A rose may be a rose by any other name, right? This is not the case when it comes to managing your insurance claim the right way. To avoid confusion and ensure your claim gets processed the right way, you want to know the right terms to use – and what to avoid. Here are some terms we often see misused:
“Total loss” – Sometimes we hear this term on the news when someone is describing a car wreck. They might describe the crashed vehicle as a “total loss” to signify that it’s completely wrecked. This usage usually means that the damaged item – whether a car or other property – can’t be repaired or salvaged. In other instances, people might use “total loss” to mean the property loss maxed out the limit of insurance. At SMW, we generally avoid using the term ‘total loss’ in our everyday vernacular. Why? For one thing, because it’s not a term that is clearly defined in insurance policies, leaving it problematically vague. Another reason is that “total loss” just tends to mean so many different things to different people. To avoid confusion, when we want to describe an item that can’t be repaired, we refer to it as something that “requires replacement.” If the property loss exceeds the policy’s insurance limit, we either say that “the damages exceed the limit of liability,” or that the item is “totaled to the limit of insurance.” As far as buildings and construction damages are concerned, the state of New Hampshire is a “total loss” state. This means insurers in the Granite State will pay the limit up front for a house fire where the building is destroyed. This is different from states like Massachusetts, where insureds must prove the value of the property at the time of loss and still adjust the claim.
“Flood” – This is a widely misused term. Homeowners often say, “I had a flood” or “my basement flooded”, when they really just had a pipe break, or a dishwasher leaked and water damage resulted. That is not a “flood” for insurance purposes. In fact, unless you buy an actual flood insurance policy, you likely have an exclusion for flood events. If you want flood coverage, you have to purchase specific flood insurance, and that probably doesn’t cover damage to contents or structures that are below grade. So, if you have a water issue and you’re describing it to your insurance adjuster, it’s important to use the right terminology. The good news: you probably DO have a covered loss; you just need to avoid describing the leaky hose or burst water pipe as a “flood” event.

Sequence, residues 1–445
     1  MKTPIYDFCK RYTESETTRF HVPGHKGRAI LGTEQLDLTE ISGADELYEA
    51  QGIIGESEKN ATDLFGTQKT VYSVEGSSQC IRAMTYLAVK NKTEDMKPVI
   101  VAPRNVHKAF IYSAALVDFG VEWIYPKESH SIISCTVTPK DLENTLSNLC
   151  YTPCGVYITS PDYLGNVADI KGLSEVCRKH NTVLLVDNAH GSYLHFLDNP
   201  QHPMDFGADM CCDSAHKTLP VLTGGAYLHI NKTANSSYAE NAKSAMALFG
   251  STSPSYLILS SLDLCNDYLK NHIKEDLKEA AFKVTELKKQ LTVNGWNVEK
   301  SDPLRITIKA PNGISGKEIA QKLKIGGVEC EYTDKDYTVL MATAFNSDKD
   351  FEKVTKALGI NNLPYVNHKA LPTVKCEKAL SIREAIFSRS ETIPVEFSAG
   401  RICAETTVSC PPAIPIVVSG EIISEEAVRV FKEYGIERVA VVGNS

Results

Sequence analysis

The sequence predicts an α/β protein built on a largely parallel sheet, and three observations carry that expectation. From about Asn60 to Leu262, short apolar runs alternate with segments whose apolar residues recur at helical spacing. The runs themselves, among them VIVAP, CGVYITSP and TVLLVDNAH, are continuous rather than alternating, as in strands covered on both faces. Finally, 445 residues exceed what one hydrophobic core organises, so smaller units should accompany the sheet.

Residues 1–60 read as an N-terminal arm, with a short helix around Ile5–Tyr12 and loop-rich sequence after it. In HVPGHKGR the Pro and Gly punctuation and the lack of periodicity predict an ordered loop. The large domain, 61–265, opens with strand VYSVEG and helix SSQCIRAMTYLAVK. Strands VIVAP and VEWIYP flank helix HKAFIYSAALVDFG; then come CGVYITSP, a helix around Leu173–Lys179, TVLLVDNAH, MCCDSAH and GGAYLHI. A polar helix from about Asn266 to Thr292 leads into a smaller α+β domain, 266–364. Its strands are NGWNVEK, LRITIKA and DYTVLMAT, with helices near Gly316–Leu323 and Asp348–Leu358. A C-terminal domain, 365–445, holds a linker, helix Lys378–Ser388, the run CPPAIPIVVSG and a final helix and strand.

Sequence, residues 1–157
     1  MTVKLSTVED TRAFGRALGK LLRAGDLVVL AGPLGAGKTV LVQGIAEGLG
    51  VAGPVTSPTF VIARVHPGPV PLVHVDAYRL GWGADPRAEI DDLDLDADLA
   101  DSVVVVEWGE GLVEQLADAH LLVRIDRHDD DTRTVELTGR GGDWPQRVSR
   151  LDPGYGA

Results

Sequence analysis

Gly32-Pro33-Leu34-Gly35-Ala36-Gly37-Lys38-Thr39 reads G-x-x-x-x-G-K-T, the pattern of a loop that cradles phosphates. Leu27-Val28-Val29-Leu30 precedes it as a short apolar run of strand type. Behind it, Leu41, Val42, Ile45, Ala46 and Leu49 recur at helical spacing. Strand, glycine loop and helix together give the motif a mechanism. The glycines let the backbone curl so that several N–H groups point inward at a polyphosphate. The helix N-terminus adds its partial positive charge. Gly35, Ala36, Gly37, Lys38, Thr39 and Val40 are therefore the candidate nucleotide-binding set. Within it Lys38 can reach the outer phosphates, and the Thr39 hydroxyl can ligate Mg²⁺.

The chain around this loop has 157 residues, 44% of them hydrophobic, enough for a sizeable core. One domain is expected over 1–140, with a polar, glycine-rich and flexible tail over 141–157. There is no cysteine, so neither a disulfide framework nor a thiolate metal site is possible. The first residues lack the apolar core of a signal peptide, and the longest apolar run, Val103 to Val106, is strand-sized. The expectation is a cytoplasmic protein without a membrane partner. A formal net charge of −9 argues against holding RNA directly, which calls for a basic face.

“Code”/“Ordinance or Law” – While generally described as “Ordinance or Law” in insurance policies, we typically describe it as “Code”. In general, these terms refer to building standards required by the local municipality. Be careful when using these terms because: 1. If you don’t have enough code coverage, and you suddenly trigger code requirements by the municipality, you might be stuck picking up those costs yourself; and 2. You have to ensure the local municipality is actually enforcing the relevant code in question. This second piece is key, because if the relevant code is not being enforced, then your insurance policy will not provide coverage for it. This gets tricky when the municipality doesn’t put in writing what codes exist and which are being enforced. So, you have to find out if the municipality is requiring the code, and – if so – how you can prove that to your insurance carrier. From a business interruption (BI) standpoint, SMW is always careful when using “code”, because if there is an additional timeline to make code repairs, that additional time is usually NOT covered under BI. Using these terms correctly will help this balancing act.
“Old”/“Outdated”/“Obsolete” – This is an important one from an inventory standpoint. If some older inventory is damaged in a fire, the carrier may actively try to prove that it has no value (thereby getting out of paying for it). It’s to the carrier’s advantage to call your inventory “obsolete” because then it has little or no value. SMW understands that, to a business, any inventory will almost always have some value. For this reason, we tell clients to avoid using terms like “old,” “outdated,” or “obsolete”, because upon hearing any of these terms, the carrier tries to avoid payment. Instead, we use terms like “vintage,” or “antique,” maybe “back-stock” when it comes to inventory.
“New” – What does the term “new” signify to you – and what does it mean to your insurance carrier? Most people agree that “new” means the item was just purchased, but others might also view items that are 1-2 years old as new. For insurance and depreciation purposes, it really matters whether something is new or not. If the item is still in its package, we describe it as “new in package” – even if it’s 1-2 years old. Moreover, we will note “as priced” if there is still a price tag on it. We encourage clients to tell us how old things are so we can help clarify what’s actually “new” and label all items accordingly. That avoids the red flags of having every item labeled the same way and it gives the insurance company accurate ages so they can apply the appropriate depreciation to the claim.
As you can see from these examples, it’s not always what you say, but how you say it.